Well, officials here have been spending most of the day working, as you heard toward the end of that briefing, talking about using GPS technology to start mapping and tracking where all of the debris has fallen across east Texas and parts of Louisiana as well.

Officials here on the ground have initially put out an initial map showing just how much of the area surrounding Nacogdoches, this county, has -- where debris has been found so far, and the colors over this map show that virtually the entire debris is being found all over this county.

That's about 12,000 pieces of debris that have been found in Nacogdoches County alone. That does not take into consideration all of the other pieces that have been found around here. And of course now the growing concern is that officials here wait to figure out what exactly they need to be doing with all of this equipment. They're starting to run out of manpower.

Officials here say that there are many pieces of debris. They're getting about 25 new calls in to the command center here about new pieces of debris being discovered across the county, and those pieces of debris, they just don't have enough manpower to get people out to those pieces at this point.

So they're worried that as time goes by that a lot of these pieces will be unprotected until they can get some sort of direction as to what exactly they need to be doing.

And across the county, you continue to see it around Nacogdoches as well today, many people fanning out with cameras and video cameras to chronicle everything that they've been finding in this rugged terrain around Nacogdoches as well.

And for many people, they say it's an emotional experience.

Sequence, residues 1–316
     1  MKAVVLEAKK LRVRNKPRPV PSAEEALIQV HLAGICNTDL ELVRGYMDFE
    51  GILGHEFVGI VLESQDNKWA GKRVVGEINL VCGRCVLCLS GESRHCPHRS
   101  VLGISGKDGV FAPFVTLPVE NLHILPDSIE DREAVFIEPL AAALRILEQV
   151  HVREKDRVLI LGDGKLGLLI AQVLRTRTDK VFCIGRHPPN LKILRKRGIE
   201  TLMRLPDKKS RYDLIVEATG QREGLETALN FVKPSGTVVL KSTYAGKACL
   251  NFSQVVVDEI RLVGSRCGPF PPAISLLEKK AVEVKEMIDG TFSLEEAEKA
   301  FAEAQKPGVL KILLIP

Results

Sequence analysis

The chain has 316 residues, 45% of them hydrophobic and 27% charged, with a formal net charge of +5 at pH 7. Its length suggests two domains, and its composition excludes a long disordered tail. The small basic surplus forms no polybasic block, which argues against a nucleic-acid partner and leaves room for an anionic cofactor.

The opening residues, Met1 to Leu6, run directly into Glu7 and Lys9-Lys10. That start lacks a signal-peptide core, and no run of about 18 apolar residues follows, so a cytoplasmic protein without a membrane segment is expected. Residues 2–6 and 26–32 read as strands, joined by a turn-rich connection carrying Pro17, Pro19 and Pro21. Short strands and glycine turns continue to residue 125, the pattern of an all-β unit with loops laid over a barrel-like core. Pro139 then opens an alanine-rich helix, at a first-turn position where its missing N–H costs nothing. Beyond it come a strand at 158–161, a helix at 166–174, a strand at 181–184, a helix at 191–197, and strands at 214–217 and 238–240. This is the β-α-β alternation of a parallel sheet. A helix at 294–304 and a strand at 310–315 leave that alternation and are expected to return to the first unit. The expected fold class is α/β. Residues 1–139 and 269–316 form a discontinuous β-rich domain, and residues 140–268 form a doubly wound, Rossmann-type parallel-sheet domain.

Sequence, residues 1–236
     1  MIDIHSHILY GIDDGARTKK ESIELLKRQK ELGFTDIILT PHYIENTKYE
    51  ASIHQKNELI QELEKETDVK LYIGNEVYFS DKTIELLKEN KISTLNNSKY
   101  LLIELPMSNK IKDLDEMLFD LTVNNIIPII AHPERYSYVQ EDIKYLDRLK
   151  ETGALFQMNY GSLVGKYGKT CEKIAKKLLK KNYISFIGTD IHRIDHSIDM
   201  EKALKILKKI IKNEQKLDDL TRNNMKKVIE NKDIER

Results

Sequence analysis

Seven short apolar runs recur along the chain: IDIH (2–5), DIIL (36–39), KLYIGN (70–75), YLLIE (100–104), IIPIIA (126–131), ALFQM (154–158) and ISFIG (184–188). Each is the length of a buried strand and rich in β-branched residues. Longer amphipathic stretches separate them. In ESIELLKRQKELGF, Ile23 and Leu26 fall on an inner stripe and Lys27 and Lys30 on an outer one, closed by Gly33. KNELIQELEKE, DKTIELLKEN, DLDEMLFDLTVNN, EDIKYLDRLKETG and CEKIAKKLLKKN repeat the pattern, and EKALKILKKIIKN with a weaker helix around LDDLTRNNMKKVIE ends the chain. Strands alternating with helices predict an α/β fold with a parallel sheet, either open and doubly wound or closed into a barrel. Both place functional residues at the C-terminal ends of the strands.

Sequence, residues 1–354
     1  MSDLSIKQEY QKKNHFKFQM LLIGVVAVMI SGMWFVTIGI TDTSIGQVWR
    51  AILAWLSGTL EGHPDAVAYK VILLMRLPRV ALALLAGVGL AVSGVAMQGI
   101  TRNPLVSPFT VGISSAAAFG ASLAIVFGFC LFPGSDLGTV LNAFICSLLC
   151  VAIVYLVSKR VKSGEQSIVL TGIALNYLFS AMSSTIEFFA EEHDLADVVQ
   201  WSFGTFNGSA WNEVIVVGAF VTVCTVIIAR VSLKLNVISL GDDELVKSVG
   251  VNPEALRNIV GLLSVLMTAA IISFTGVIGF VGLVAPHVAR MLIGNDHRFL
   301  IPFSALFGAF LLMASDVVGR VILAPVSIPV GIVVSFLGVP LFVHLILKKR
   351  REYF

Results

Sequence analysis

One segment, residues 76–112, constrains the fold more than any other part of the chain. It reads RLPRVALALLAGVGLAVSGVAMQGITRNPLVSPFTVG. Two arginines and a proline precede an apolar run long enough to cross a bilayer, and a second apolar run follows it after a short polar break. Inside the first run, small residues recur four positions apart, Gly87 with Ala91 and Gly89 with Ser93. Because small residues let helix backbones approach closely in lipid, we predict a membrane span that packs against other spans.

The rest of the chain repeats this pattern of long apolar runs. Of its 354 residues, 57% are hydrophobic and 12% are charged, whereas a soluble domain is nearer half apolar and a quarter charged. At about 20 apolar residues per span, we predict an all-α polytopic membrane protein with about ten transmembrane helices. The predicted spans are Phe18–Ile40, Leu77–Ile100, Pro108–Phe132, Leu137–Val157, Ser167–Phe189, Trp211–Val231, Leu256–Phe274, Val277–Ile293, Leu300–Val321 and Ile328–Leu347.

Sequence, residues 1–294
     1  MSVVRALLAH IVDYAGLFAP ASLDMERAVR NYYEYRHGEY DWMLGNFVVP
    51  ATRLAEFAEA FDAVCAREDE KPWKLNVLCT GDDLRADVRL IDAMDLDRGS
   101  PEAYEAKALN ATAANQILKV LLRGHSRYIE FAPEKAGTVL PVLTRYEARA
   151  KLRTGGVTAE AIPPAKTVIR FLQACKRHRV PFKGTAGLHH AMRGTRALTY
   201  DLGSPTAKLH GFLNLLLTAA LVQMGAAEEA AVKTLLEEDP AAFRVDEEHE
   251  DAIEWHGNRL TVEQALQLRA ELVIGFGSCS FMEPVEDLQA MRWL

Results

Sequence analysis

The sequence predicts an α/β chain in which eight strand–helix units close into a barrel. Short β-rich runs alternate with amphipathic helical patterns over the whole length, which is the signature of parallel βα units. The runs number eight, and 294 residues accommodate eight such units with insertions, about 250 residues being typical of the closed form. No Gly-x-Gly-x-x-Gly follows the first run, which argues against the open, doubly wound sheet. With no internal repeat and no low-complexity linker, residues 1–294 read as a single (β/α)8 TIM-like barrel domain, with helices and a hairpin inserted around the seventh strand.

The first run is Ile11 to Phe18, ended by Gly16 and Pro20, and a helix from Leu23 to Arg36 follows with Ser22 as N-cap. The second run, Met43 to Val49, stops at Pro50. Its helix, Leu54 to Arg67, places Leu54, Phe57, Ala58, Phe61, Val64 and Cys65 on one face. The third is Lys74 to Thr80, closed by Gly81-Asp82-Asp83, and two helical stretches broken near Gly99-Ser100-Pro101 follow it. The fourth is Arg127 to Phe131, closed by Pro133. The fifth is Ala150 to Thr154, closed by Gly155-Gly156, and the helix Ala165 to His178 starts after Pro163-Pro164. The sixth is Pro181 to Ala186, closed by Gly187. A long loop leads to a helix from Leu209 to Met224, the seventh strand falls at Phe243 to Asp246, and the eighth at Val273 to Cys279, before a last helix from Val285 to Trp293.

(BEGIN VIDEO CLIP)

QUESTION: It doesn't impact you like it does when you come and actually see a piece. And you know that those people were there, they were in space, they touched part of this, they were part of this. And now it's just kind of scattered, you know, all up and down the country. And it's moving, and then again, it's -- it makes me want to pray.

(END VIDEO CLIP)

LAVANDERA: Officials here also say that they have found a portion of the crew cabin, a piece of a harness, and also a piece of a tire as well, and they also do confirm that there have been confirmation of three human remains found in the Nacogdoches area as well -- Daryn.

KAGAN: Ed Lavandera from Nacogdoches, thank you very much. Interesting information there. The good news being that people are definitely heeding the loss of warnings about not touching or going anywhere near the material they might find, but as you said, a lack of manpower, people power, in gathering that.

Of course, the ultimate aim is to get it together and to get it to the site where the investigation command center will be, actually has already begun, and that is Barksdale Air Force Base, and that's where we find our Patty Davis tonight. Patty, hello.

PATTY DAVIS, CNN CORRESPONDENT: Well, Daryn, we have just heard from NASA officials here at Barksdale Air Force Base that human remain have in fact, some of them, arrived here.